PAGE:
Clicking the interfaces tab will give you six subnavigation options: Physical, VLAN, Dummy, Bridge, ARP, and Shared Networks.
The physical navigation option will show a list of physical interfaces in the BMU. This page will update in real time to show the operational state (whether the port is physically up or down) and the administrative state (whether the port is enabled or disabled by the BMU software/an administrator).
Clicking the pencil icon will allow you to edit the interface. You can set the administrative state, the direction, the speed/duplex and MTU. The direction of the interface is directly related to Powercode. When an interface direction is Outside, this means that customer traffic is leaving the BMU through this interface. When an interface is Inside, this means that customer traffic is entering the BMU through this interface. When a direction is Excluded, this means that no rules or rate limiting should be applied on this interface.
For example, if the BMU is in a ring and both eth0 and eth1 are part of the ring, both eth0 and eth1 should be Outside. If customers are plugged into eth2 then eth2 should be Inside. Outside interfaces never respond to DHCP. Setting the interface direction incorrectly will also result in incorrect rate limiting.
The pie chart icon will allow you to see detailed, real time statistics on the interface including bytes transferred, collisions, CRC errors and more. The line graph icon will allow you to see a graph showing the interface throughput in real time.
The VLAN tab will allow you to create VLAN interfaces on the BMU. Please note that these are purely subinterfaces on a physical interface – the BMU will not separate or segregate traffic based on the VLAN tag. Click the Add VLAN button to add a subinterface. You will be prompted to select the physical interface to attach to and to enter the VLAN tag.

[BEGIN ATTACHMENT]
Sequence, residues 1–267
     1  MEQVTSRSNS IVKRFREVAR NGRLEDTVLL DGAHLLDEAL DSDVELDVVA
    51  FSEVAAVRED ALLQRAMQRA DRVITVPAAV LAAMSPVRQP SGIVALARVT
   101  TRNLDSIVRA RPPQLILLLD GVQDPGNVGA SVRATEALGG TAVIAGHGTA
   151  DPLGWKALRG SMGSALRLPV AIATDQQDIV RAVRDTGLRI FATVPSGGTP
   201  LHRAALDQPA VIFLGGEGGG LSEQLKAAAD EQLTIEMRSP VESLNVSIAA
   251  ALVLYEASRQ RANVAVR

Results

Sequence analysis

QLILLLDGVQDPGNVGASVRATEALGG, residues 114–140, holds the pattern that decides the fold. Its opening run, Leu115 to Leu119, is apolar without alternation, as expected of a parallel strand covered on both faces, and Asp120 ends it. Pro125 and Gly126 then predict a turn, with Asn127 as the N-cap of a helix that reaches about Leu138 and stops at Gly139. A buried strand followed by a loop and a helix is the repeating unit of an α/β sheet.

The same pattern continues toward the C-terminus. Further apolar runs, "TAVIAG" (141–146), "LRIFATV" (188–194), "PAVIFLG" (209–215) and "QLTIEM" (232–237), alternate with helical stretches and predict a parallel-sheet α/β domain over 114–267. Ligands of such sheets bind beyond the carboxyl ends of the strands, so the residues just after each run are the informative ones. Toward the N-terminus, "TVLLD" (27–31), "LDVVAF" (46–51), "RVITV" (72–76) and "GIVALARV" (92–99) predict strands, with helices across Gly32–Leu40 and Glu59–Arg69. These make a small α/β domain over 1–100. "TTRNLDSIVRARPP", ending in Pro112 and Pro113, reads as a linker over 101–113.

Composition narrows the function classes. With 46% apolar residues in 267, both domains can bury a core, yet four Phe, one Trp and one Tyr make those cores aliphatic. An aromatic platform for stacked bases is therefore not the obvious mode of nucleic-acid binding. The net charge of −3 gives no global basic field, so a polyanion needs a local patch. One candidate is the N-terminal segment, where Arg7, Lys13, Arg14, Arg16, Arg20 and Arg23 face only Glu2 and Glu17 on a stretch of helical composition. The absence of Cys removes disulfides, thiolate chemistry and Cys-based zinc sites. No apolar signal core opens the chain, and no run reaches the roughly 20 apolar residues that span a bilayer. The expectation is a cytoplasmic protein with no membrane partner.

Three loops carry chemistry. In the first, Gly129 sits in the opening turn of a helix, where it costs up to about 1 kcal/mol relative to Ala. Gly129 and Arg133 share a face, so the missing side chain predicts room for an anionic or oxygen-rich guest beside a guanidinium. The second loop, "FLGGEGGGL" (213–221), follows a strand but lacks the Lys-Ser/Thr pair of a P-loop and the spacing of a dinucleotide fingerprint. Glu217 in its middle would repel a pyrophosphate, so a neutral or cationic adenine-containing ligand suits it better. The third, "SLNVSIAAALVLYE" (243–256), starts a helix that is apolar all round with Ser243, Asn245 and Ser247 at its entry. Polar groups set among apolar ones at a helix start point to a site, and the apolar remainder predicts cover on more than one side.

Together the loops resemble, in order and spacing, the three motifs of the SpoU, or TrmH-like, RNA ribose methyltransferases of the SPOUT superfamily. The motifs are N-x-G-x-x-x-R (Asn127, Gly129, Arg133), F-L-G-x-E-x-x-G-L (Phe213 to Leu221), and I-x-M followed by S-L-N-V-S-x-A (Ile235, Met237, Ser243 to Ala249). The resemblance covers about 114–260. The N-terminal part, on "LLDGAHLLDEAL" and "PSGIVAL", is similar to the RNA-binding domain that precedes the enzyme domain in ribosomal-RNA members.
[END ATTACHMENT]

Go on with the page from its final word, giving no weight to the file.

VLAN interfaces will inherit direction from the parent interface. You can click the pencil icon to edit the interface and VLAN tag, the cross icon to delete the interface, the pie chart to view real time statistics and the line chart icon to view real time bandwidth usage.
Dummy interfaces are used when you require a virtual management interface that is not associated with a specific physical interface. These are sometimes referred to as loopback or virtual interfaces. A common use for these interfaces is when running a dynamic routing protocol, so that you have a management interface that is accessible regardless of the physical interfaces that are up. The only action you can perform on this screen is to modify the administrative state of a dummy interface and to rename it. By default, the BMU has five dummy interfaces named dummy0 through dummy4 and they are all administratively down.
Creating a bridge allows you to bond multiple physical interfaces together into a single transparent bridge. When bonding interfaces into the bridge, the physical interfaces will maintain their original direction so that, for example, if you wish to make the BMU as a transparent bridge, you can bond together eth0 and eth1, set eth0 to Outside and eth1 to Inside and have customers pass through transparently.
When adding a bridge, you can enable or disable the spanning tree protocol. Enabling the spanning tree protocol will allow you to modify settings like the forward delay and hello interval. The BMU does not support any advanced spanning tree protocols such as rapid spanning tree or per-vlan spanning tree.
After adding a bridge, you can add members to the bridge using the Add Member button. Please note that when adding a member to a bridge, all IP addresses on the interface become unroutable until the IP addresses are moved to the actual bridge interface. Take care you do not lock yourself out of your BMU!
The bridge is treated as a Layer 2 switch. The bridge is implemented in software so running bridges with significant throughput on them will negatively impact the BMU CPU. It is not recommended that you utilize bridges for networks with a large amount of traffic – use a dedicated switch instead and treat the BMU as a router.
The ARP screen shows the ARP table of the BMU in real time. You can add static ARP entries by clicking the Add ARP Entry button. Static ARP entries will have a red cross in the action column which will allow you to delete the entry. Dynamic ARP entries will have a trash can icon which will allow you to forcibly flush the ARP entry from the table.
This page should generally not be used unless directed by Powercode support. You will define all your DHCP shared networks within Powercode.